As soon as it leaves Iraq, the Army will have to concentrate on Afghanistan. Since September 2007, Petraeus has headed Centcom, the American command that covers the Middle East, central Asia, and Pakistan. Centcom’s headquarters are in Tampa, Florida, but Petraeus is always on the move. Surrounded by an escort of military intellectuals and fully equipped for mobile communication, he runs his meetings from wherever he happens to be, whether on the ground or in the air. “Afghanistan will be a little easier to manage as far as public opinion,” Petraeus says. “But on the ground it will be harder.” Unlike Iraq, Afghanistan has few resources, no tradition of stable government, and few educated elites.

Petraeus is determined to apply his method to Afghanistan: living among the people, bringing them security, establishing a legitimate government, and creating a viable economy. He calls this the Anaconda strategy. Projected on a screen, the scheme resembles a fat snake nourishing itself from all possible elements, from special forces to propaganda operations to school construction. This will require, he says, “not unity of command with NATO, which isn’t possible, but unity of coordination,” which does not exist yet. “If we have the right ideas,” Petraeus says, “they will let us beat the extremists, who have taken advantage of the fact that we are still prisoners of archaic military methods.”

Up until this point, some countries haven’t fully cooperated with NATO because they thought they were sheltered from danger—but their attitude “will change as the extremists expand their area of attack,” Petraeus believes. He is confident that awareness of the extremist danger is becoming clearer. Thus, Saudi Arabia has avoided the destabilization that everyone foresaw two or three years ago by understanding the danger and adopting Petraeus’s multifaceted strategy (“by coincidence,” he says). The same new awareness is now at work in Pakistan and in India. But all progress is reversible; Bosnia, where Petraeus served in 1995, threatens again to explode, for example. The war against extremism will go on for generations.

Guy Sorman, a City Journal contributing editor, is the author of numerous books, including The Empire of Lies: The Truth About China in the Twenty-First Century. Translated from the French by Alexis Cornel.
Title: Re: Our Troops in Action
Post by: Crafty_Dog on February 13, 2009, 10:09:44 AM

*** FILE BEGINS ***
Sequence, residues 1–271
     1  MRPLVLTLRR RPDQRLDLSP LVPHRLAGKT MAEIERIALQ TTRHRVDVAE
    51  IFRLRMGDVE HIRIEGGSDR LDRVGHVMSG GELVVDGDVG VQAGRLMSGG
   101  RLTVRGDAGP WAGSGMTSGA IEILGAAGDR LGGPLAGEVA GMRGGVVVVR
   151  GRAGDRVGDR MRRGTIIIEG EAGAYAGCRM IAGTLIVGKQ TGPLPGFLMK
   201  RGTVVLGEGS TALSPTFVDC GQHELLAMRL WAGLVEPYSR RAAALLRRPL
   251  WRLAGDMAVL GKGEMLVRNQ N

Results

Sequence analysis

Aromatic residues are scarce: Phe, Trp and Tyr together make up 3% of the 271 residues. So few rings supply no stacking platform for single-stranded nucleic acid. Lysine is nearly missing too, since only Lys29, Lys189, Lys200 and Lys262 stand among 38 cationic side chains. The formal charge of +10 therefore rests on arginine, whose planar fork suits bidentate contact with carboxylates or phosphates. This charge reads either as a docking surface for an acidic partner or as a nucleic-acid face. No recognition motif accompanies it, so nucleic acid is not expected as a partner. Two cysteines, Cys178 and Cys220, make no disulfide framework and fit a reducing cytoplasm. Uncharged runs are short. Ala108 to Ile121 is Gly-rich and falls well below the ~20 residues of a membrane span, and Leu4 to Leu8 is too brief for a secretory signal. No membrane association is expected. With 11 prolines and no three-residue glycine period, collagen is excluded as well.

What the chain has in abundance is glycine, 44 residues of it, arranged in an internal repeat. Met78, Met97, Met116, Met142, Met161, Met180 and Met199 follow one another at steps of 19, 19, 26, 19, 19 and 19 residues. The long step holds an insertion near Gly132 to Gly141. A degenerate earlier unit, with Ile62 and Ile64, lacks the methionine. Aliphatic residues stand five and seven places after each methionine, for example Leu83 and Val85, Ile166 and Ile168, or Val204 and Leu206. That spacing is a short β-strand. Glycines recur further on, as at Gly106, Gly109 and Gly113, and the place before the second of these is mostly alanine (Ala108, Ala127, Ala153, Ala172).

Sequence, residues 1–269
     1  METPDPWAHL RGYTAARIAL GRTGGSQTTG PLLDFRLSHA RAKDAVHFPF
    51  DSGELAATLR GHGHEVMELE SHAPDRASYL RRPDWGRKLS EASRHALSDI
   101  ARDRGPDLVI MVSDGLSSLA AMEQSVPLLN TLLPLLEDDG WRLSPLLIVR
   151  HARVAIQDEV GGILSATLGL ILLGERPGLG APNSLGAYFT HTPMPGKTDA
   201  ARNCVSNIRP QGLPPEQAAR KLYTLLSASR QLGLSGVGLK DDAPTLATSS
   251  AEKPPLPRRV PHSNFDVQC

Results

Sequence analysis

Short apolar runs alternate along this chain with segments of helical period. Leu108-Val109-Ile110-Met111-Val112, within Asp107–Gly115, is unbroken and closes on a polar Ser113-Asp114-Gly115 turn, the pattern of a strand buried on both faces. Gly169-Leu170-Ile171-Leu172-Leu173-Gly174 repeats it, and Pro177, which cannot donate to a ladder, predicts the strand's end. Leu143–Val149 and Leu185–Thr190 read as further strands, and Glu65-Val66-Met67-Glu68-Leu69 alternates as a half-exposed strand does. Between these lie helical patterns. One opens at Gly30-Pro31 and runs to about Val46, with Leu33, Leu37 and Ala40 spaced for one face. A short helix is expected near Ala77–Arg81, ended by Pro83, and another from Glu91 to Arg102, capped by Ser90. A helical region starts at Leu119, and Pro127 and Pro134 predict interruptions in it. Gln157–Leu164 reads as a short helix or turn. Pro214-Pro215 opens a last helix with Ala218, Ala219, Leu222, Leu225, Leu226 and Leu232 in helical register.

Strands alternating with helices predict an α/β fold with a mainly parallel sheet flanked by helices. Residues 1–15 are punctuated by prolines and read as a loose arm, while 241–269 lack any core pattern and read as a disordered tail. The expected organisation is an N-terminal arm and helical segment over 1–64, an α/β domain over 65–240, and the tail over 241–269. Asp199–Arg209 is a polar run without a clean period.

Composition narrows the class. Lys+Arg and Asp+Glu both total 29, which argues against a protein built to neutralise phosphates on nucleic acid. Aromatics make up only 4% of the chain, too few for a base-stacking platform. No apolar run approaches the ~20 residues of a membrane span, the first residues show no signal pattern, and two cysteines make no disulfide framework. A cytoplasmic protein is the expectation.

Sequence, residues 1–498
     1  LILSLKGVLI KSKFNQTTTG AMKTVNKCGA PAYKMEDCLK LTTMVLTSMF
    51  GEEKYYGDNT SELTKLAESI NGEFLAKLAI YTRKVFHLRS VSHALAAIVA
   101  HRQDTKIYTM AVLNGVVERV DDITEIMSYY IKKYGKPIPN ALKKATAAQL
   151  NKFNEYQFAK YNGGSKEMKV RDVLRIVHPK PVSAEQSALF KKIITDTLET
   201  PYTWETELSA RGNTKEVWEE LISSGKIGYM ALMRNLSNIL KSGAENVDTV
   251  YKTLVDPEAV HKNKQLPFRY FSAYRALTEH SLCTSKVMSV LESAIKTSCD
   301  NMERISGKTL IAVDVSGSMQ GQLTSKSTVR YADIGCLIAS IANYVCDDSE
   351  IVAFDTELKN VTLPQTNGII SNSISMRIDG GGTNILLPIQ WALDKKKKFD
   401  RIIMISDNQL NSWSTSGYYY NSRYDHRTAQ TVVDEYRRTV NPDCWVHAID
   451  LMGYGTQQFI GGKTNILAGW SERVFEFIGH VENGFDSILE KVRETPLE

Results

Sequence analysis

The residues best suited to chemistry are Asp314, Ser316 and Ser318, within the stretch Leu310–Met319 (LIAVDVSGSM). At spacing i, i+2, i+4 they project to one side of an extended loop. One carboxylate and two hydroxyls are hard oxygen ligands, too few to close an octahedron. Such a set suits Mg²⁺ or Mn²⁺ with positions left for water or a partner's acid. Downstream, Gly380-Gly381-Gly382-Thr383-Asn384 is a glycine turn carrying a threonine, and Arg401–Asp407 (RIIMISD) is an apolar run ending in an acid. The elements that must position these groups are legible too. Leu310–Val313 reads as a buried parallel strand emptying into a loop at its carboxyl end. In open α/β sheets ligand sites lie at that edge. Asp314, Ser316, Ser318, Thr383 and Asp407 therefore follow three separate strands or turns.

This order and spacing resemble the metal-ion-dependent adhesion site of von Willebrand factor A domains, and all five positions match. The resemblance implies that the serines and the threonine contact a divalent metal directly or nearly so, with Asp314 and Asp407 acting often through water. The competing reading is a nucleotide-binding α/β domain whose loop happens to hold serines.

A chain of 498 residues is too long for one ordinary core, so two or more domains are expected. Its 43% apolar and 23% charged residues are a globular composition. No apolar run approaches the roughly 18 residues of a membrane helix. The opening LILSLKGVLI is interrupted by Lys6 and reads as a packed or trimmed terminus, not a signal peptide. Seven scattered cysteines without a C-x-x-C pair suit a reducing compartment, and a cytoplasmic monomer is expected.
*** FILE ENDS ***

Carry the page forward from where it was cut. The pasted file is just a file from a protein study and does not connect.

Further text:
United States Army Sgt. Hernandez

 Hernandez United States Army Sgt. Omar Hernandez came to America from Mexico with his family when he was six months old. He joined the Army Reserve when he was 19, deploying to Iraq in 2003. He changed to the regular Army in 2004 and returned to Iraq as an infantryman, earning his citizenship after his second tour. On 6 June 2007, during his third tour in Iraq as part of the 4th Brigade Combat Team, 1st Cavalry Division, Hernandez, three other American soldiers and nine Iraqis left Joint Security Station "Maverick" in Ghazaliya on a census patrol.

Just outside the station, however, the team was ambushed. Two Iraqi police were immediately shot. Hernandez returned fire, but was soon shot in the thigh himself. He later said it was "like Forrest Gump -- where he goes, 'Somethin' jumped up and bit me.'" Indeed -- the bullet entered the back and exited the front, just missing his femoral artery, but taking a third of his quadriceps with it. Despite his wound, Hernandez made it to the intersection where the two Iraqi police officers were down, dragging one 15 feet to safety. He then went back for the second, picking him up and carrying him on his shoulder. Hernandez made sure first aid was administered and then resumed firing on the enemy, only later accepting treatment himself. His actions saved the lives of the two Iraqis that day. "I couldn't let anyone die out there," he said. For his heroism, Hernandez received the Silver Star.

Title: Re: Our Troops in Action
Post by: Crafty_Dog on February 16, 2009, 11:50:48 AM
These men deserve better from us here at home.
Title: Re: Our Troops in Action
Post by: Crafty_Dog on February 19, 2009, 06:59:05 AM
Seems like a good site full of examples of our troops in action:


Specialist Joe Gibson
Silver Star

During a helicopter infiltration, Spec. Gibson’s squad came under intense enemy small arms and machine gun fire.

“The guy that got hit, he actually was a really good friend of mine and I heard him call out and it makes my heart cringe to hear that,” Gibson said.